3 Key Findings on HIV Medication Errors

Medication errors injure thousands of patients annually, and while mistakes occur with all medication classes, those involving antiretroviral therapies are particularly troublesome.

Medication errors injure thousands of patients annually, and while mistakes occur with all medication classes, those involving antiretroviral therapies are particularly troublesome.

More than 1 million individuals aged 13 years or older are living with HIV in the United States, with a higher concentration living in urban clusters. The large number of regimen medications, co-morbidities, and dosing schedules used to treat HIV put those taking antiretrovirals at elevated risk for medication errors.

Past studies have suggested that errors are driven by prescribers’ lack of familiarity about antiretrovirals, patients’ ignorance about their complete regimens, and low patient health literacy.

Antiretroviral stewardship, which involves educating prescribers and patients and reviewing orders prospectively, helps increase the use of evidence-based medication regimens. A team of researchers addressed the impact of such stewardship on medication errors in a new study published in the February 2016 issue of Pharmacotherapy.

The researchers assessed antiretroviral stewardship’s impact during 6-month periods over 3 years at Rutgers University Hospital.

In the first year, the researchers measured the baseline medication error rate. The second year coincided with prescriber and pharmacist education and computerized provider order entry system introduction. The third year included prospective order audits with feedback to providers.

The researchers made the following 3 key findings:

1. Medication error rates for patients admitted in the first year were high, but decreased over the 3-year period.

Despite the fact that prescribers in the study were highly experienced and expected to be knowledgeable about antiretrovirals, the initial error rate was unacceptably high. It took months to see significant reductions in error rates.

Of the 334 patients who were admitted in the first year, 45% experienced at least 1 error related to their antiretroviral medication, and 38% had uncorrected errors at the time of discharge. Over the entire 3-year period, however, the medication error rate dropped from 45% to 36% before leveling out at 37%.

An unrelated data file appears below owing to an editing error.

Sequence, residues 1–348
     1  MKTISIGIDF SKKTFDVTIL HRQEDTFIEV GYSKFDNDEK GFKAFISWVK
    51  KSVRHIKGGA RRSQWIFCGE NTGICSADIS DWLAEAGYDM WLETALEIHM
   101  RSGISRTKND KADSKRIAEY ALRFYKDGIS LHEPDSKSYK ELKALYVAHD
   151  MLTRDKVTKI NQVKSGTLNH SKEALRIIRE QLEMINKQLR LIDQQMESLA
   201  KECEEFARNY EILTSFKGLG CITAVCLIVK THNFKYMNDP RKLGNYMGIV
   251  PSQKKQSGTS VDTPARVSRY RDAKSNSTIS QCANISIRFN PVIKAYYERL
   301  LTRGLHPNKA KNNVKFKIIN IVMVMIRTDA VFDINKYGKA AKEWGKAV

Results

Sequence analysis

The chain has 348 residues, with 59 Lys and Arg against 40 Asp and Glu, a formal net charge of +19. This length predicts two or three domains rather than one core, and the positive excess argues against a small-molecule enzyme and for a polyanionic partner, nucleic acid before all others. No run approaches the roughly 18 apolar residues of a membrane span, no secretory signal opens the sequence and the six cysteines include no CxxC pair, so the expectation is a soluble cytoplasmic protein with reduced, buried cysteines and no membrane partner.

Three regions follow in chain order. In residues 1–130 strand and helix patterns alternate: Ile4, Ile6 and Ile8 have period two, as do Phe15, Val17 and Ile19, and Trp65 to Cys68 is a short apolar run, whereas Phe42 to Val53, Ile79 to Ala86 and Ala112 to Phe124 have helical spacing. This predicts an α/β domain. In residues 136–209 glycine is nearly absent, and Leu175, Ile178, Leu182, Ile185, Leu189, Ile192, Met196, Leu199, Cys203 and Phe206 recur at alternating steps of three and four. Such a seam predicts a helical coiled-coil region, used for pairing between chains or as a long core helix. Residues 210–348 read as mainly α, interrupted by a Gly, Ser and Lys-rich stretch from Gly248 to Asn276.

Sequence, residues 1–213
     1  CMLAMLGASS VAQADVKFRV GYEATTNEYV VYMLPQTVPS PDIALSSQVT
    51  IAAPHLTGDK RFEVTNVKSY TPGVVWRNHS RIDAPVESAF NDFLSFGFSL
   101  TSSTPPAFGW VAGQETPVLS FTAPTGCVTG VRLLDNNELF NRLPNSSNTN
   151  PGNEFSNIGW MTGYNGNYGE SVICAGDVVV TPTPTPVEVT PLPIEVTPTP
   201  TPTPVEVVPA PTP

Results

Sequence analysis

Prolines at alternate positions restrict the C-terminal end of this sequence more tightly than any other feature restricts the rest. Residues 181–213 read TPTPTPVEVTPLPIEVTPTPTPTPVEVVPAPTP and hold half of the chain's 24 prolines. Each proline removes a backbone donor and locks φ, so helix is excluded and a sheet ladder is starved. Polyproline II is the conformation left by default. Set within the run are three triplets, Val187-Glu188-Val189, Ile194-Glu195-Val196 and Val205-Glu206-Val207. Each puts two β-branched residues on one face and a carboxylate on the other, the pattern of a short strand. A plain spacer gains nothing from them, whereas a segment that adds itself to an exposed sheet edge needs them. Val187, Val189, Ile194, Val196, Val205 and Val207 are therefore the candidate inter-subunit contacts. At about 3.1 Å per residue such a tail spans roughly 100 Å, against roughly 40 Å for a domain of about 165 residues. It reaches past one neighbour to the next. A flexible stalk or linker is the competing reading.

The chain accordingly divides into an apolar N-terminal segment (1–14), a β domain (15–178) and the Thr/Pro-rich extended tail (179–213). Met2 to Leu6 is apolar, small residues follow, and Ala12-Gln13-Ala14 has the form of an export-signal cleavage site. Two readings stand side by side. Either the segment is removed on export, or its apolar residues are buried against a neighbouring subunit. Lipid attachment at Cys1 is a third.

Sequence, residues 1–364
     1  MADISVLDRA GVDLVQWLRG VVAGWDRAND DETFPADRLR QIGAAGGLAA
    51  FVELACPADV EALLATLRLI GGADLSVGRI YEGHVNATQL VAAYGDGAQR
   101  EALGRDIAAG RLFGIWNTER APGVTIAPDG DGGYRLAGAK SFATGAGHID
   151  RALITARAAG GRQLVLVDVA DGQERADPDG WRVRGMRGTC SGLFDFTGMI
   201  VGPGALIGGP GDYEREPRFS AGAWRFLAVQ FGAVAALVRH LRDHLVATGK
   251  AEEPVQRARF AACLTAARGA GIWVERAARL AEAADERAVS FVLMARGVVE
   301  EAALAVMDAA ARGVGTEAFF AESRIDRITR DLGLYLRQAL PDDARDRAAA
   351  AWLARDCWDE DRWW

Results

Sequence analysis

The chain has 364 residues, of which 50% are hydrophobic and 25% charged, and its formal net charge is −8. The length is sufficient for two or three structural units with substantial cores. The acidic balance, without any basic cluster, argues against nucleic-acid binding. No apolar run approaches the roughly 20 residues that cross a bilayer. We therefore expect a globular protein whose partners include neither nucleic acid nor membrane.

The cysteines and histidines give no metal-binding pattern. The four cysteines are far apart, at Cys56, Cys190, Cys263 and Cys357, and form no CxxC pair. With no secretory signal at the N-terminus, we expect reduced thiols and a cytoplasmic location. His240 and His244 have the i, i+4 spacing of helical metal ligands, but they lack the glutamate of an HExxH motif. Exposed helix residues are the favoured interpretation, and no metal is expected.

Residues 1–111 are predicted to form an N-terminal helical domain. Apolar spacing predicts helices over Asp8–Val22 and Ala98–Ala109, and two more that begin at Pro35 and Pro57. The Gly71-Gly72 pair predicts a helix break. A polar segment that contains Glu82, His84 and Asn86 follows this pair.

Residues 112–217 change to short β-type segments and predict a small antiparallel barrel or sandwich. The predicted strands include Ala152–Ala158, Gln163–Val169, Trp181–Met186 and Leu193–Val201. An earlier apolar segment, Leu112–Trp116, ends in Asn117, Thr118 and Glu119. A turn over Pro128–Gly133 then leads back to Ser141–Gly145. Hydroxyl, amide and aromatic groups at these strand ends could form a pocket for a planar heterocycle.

The uncorrected error rate at discharge dropped more significantly from 38% to 31% and finally 12%.

2. Half of the errors occurred in the first 24 hours after admission, especially during late-night and weekend hours when formal consults were unavailable.

The researchers said that ideally, an error rate of zero is the goal. However, many patients are admitted after-hours, and unless staffing is enhanced to give every patient access to pharmacist review at admission, that goal may be out of reach.

3. Incorrect dosing was the most common error, followed by inappropriate use of proton pump inhibitors or histamine-2 receptor antagonists with atazanavir (Reyataz) or rilpivirine (Edurant).

The study authors noted that their study demonstrated that setting up a computerized provider order entry system often introduces new errors. (In this case, it did not screen for these 2 drug interactions). Institutions need to customize their systems carefully in order to prevent such errors.

Based on their findings, the study authors recommended initiating an antiretroviral stewardship team that includes infections disease-trained medical and pharmacy staff, as well as increasing staffing to review medications during late-night and weekend hours. They reported that health care systems can further minimize medication errors by triggering an automatic consult request when HIV diagnostic codes are added, or introducing a “hard stop” signaling an infectious disease or stewardship consult.